The impetus for Smaller Learning Communities stemmed from research that showed that students learn better and retain more when they learn things in context and when they understand the “why” behind what they are learning. CTE has played an integral role in many of these schools that prepare students to succeed in postsecondary education and careers. Once again, this cut in funding will negatively impact CTE students and programs throughout the country.

By Nancy in Legislation
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Applications for Smaller Learning Communities Grants Available

Wednesday, June 30th, 2010

The Department of Education is now accepting applications for the Smaller Learning Communities (SLC) grant program. According to the Federal Register notice inviting applications, the SLC program awards discretionary grants to LEAs to support the restructuring of public high schools with enrollments of 1,000 or more students into smaller units for the purpose of improving academic achievement in these schools. These smaller units include freshman academies, multi-grade academies organized around career interests or other themes, ‘‘houses’’ in which small groups of students remain together throughout high school, and autonomous schools-within-a-school. These structural changes are typically complemented by other personalization strategies, such as student advisories, family advocate systems, and mentoring programs. Each application must address two absolute priorities: preparing all students to succeed in postsecondary education and career; and common planning time for teachers.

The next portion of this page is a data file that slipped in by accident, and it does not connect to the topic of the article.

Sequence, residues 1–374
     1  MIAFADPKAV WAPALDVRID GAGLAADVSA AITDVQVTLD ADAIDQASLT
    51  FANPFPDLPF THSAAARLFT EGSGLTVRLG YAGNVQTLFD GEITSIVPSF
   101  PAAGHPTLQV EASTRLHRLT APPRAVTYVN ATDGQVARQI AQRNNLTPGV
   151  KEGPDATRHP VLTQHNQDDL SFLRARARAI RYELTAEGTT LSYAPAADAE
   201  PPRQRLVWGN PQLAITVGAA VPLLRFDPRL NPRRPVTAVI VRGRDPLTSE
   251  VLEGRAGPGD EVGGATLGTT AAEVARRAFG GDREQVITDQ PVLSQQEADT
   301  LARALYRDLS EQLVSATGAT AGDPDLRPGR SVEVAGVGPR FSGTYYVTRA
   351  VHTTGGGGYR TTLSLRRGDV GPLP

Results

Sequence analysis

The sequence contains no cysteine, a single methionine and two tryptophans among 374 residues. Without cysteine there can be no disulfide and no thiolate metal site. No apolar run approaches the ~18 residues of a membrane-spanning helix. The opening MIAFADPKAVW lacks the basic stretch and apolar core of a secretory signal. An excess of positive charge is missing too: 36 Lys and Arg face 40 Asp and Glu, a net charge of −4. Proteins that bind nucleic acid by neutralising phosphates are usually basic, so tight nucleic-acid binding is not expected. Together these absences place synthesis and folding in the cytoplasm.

Notice of Intent to Apply: July 15, 2010

Application Submission Deadline: August 6, 2010

The Department is estimating that there is $32 million available to award grants to up to 14 states. Each grant will be for a period of five years. For more information please see the Department of Education’s Web site.

By Nancy in Public Policy